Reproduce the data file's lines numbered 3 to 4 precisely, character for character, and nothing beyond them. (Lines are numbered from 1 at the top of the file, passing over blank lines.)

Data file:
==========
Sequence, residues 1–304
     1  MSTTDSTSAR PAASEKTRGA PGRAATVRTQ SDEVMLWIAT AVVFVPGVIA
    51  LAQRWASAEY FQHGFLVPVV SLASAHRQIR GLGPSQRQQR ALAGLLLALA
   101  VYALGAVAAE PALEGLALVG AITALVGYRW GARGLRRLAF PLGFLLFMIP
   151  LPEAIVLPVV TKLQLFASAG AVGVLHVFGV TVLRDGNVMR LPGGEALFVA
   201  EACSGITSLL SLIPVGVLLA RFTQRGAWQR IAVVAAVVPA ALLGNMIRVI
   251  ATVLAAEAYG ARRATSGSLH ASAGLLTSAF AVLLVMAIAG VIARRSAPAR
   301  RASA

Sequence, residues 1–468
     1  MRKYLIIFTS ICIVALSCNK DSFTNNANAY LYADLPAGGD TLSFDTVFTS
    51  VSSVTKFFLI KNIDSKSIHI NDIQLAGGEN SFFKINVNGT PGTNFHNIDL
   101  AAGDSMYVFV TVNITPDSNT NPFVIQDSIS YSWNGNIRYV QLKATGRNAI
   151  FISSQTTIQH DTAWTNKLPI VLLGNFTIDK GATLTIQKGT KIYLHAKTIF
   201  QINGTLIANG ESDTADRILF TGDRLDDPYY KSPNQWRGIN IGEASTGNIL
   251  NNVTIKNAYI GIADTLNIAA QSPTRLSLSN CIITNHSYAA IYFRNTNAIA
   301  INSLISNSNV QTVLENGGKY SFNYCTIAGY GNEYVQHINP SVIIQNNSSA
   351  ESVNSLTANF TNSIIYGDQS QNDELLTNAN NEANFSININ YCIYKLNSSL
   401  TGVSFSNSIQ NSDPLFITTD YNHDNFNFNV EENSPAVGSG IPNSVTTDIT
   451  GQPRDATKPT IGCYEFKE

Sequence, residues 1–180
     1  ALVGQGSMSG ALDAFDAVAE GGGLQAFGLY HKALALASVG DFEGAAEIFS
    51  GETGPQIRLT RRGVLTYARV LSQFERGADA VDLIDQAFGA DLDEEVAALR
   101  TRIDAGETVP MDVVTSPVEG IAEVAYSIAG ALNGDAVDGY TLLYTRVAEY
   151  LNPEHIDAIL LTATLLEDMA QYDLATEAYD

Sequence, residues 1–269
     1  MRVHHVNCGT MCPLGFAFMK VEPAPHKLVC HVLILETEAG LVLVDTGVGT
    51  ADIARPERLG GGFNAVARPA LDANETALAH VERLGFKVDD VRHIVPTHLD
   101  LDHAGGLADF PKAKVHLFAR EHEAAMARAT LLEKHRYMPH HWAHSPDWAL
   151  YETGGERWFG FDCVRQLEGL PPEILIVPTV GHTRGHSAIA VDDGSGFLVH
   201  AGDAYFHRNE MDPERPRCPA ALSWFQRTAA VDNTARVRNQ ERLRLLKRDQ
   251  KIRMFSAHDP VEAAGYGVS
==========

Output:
    51  LAQRWASAEY FQHGFLVPVV SLASAHRQIR GLGPSQRQQR ALAGLLLALA
   101  VYALGAVAAE PALEGLALVG AITALVGYRW GARGLRRLAF PLGFLLFMIP